4. Equally difficult to prove would be the kind of condition made by the involved heterosexual person. It is extremely unlikely that the latter before marriage would make the existence of heterosexuality in the other person a condition for the validity of the contract. It is still more unlikely that the heterosexual would affirm such a condition before witnesses to make it juridically useful. Granted, however, that such a condition were made before marriage in the presence of witnesses, there would remain the difficulty of proving canonically after matrimony that the other spouse was truly homosexual. In many cases marital relations have already taken place, and any effort to prove that the other person is not heterosexual will be canonically futile. He may be homosexual and psychologically impotent, but canonically he has consummated his marriage. Needless to say, the same reasoning applies to the female homosexual who has consummated her marriage.

5. Inasmuch as consent to marriage is both internal and external, it is difficult to prove that it does not exist internally when it has been manifested externally.8 The internal is presumed to exist. In the practical order, then, it would be rare that a person would be proved as incapable of true marital consent who has consummated his marriage. But if a homosexual were found after the ceremony to be incapable of marital consent, in all likelihood it would be due to other mental disabilities which would have produced the same incapacity in a heterosexual person.

6. Msgr. Coburn's very limited survey bears out the contention that there are many variations of opinion concerning capacity for consent in the homosexual. The same lack of certitude is found in his twenty-eight physicians on the questions of impotency and curability of homosexuals as is found in the psychiatric and medical profession as a whole.

7. The theory that pronounced homosexual traits render one incapable of marital consent is not accepted by those writers who claim that homosexuality is largely a matter of choice.9 It would be practically impossible to prove that a female homosexual did not give proper marital consent when she has borne her husband five children.

A Case in Point

For all these reasons it is difficult to conceive of an invalidating impediment based upon evidence of the presence of homosexuality before marriage.10 Let me illustrate my position further by another pastoral case. Engaged to be married, a twenty-two-year-old man is picked up by the police for solicitation in a public toilet. The same thing had happened four times before, but always when he was intoxicated, and always with strangers. Was he homosexual? Apparently, he wanted to prove that he was heterosexual by having subsequent sexual relations with his fiancée. Did this prove him heterosexual or bisexual? From a few incidents can we know in what category to place him? Maybe he is psychologically impotent although physically potent with the opposite sex! Would the proposed canonical impediment to marriage apply to him? He seemed like a bisexual, and marriages between bisexuals and heterosexuals have a very high percentage of failure.11 Actually, against advice he married several years ago, and he seems happy with his wife and child.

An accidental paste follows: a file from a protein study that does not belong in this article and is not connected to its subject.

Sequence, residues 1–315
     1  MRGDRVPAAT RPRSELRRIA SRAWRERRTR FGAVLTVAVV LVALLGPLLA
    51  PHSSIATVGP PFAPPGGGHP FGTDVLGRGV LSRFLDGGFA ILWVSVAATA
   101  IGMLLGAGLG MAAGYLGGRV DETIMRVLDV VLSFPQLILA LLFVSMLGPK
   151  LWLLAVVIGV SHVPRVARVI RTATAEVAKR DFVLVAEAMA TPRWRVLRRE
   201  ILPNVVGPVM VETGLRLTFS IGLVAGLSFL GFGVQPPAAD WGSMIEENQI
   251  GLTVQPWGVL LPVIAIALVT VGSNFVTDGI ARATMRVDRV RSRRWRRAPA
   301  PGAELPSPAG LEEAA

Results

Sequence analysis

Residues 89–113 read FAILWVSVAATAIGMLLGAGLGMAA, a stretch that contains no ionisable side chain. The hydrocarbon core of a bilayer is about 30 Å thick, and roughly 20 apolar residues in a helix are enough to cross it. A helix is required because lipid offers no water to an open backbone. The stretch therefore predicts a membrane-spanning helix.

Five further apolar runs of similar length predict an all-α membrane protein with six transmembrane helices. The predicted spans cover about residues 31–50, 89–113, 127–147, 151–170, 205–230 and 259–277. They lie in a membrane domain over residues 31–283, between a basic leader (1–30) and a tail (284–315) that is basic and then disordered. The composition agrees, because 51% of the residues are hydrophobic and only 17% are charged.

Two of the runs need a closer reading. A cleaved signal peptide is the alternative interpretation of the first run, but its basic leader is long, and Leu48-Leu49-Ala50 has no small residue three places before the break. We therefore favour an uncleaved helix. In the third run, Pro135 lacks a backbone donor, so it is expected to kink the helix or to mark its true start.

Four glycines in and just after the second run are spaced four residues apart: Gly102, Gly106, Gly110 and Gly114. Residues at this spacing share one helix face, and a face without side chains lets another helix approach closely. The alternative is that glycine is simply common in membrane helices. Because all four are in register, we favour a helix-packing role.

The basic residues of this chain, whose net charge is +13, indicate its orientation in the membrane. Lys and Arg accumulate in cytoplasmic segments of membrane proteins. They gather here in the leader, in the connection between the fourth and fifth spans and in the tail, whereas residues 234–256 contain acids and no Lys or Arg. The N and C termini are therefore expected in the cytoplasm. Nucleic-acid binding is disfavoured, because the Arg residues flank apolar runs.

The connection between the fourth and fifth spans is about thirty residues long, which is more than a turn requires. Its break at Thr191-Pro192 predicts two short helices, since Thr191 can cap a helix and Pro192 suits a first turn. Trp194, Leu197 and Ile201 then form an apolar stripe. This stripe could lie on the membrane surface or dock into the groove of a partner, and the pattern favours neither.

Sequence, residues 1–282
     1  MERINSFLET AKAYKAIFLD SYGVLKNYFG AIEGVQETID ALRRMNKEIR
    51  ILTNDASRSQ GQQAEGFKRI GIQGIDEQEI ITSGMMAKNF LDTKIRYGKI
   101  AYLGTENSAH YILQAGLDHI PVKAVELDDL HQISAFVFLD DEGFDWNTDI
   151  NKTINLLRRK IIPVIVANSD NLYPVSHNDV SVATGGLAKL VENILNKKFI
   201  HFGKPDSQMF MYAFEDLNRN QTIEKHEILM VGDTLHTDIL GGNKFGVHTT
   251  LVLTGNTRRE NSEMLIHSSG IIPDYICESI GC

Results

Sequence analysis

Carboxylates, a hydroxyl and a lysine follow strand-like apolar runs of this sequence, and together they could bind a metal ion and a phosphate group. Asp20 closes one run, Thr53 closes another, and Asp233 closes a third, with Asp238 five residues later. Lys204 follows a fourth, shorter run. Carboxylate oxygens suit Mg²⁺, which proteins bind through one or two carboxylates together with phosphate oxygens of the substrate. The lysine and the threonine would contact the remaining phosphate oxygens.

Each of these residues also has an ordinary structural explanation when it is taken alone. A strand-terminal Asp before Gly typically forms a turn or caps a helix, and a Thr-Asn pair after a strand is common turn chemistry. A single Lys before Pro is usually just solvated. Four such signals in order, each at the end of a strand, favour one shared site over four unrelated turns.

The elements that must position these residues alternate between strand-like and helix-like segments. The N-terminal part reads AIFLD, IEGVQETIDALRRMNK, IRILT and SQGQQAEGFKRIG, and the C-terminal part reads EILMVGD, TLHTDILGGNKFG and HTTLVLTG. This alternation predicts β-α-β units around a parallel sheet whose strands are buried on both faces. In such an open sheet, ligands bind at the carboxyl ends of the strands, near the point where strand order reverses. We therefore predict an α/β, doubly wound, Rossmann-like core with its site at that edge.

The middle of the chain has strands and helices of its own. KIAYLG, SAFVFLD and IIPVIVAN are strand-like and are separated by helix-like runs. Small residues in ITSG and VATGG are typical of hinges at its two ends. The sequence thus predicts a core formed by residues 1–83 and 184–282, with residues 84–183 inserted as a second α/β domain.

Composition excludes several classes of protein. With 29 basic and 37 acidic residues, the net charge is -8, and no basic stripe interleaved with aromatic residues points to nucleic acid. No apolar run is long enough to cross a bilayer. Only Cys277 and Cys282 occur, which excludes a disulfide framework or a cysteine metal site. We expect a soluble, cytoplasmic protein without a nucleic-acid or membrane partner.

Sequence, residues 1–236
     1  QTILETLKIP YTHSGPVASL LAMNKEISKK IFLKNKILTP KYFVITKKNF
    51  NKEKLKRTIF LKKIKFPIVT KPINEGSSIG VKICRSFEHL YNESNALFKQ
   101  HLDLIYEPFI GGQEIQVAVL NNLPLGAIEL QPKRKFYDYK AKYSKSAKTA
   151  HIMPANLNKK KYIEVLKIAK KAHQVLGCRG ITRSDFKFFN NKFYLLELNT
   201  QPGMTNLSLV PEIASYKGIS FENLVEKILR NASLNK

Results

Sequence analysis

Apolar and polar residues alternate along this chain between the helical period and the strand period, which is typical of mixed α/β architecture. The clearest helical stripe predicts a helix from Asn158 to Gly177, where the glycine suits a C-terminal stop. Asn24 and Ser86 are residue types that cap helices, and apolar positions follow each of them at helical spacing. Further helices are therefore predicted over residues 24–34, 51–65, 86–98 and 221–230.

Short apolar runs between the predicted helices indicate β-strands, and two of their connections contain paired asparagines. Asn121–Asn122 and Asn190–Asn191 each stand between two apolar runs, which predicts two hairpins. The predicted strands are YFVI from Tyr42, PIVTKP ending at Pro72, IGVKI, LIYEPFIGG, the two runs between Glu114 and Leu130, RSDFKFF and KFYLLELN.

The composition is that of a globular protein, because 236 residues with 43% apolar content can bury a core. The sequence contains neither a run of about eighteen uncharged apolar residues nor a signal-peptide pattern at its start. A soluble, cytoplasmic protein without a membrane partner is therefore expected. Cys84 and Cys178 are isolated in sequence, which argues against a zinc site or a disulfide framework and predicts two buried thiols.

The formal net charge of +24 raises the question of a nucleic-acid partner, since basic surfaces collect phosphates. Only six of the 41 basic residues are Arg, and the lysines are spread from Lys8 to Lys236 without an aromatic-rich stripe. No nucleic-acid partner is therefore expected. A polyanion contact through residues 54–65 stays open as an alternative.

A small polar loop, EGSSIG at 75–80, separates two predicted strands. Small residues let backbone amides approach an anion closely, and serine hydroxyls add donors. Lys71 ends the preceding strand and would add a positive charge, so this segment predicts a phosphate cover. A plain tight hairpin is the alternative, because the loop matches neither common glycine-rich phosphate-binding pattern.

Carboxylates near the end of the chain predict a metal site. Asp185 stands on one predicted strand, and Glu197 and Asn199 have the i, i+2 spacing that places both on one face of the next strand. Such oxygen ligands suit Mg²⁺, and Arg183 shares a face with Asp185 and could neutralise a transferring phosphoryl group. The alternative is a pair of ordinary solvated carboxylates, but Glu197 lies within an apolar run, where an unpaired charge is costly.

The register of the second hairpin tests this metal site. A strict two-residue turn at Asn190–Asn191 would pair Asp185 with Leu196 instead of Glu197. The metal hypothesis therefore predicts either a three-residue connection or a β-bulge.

II. Pastoral Approach to the Homosexual

Instead of more speculation about the confusion which the proposed canonical impediment would bring, it seems better to recommend another approach involving pastoral rather than canonical considerations. Efforts should be made to persuade genuine homosexuals and persons of confirmed bisexual tendencies to give up the idea of marriage and to practice perfect chastity in the world. To this end a practical program should be spelled out. Since there are different degrees of inversion and of apparent bisexuality, it will be necessary to adapt the pastoral approach to the specific type with whom one is dealing, and to go still further in the refinement of counsel in consideration of the individual's personal history.

Sources Other Than the Counselee

Presupposing that the priest is already aware of homosexual characteristics in the counselee who desires to marry, he should endeavor to discover whether the person is a true invert or an apparent bisexual. This difference is not easily observable, and the help of a psychiatrist would be invaluable. At first glance one may conjecture that the counselee is a bisexual. After all, were he truly homosexual, he would not have the physical attraction to the opposite sex which leads presumably to the desire for matrimony. However, it is known that some homosexuals (a minority, to be sure) marry for social propriety, business reputation, or as protection for continuation of clandestine homosexual practices. Very probably from such individuals the priest will derive little direct information, even in the premarital investigation, but he should be alive to other sources, such as warnings from acquaintances of the counselee which amount to a solid suspicion of the presence of pronounced homosexual traits. Perchance, these cautions may come to the priest through the fiancée who, nevertheless, may be all too ready to dismiss them. Unfortunately, however, it is possible for the male or female invert to conceal completely an inversion so that neither the priest nor the fiancée (fiancé) suspects it. For this there is no present remedy.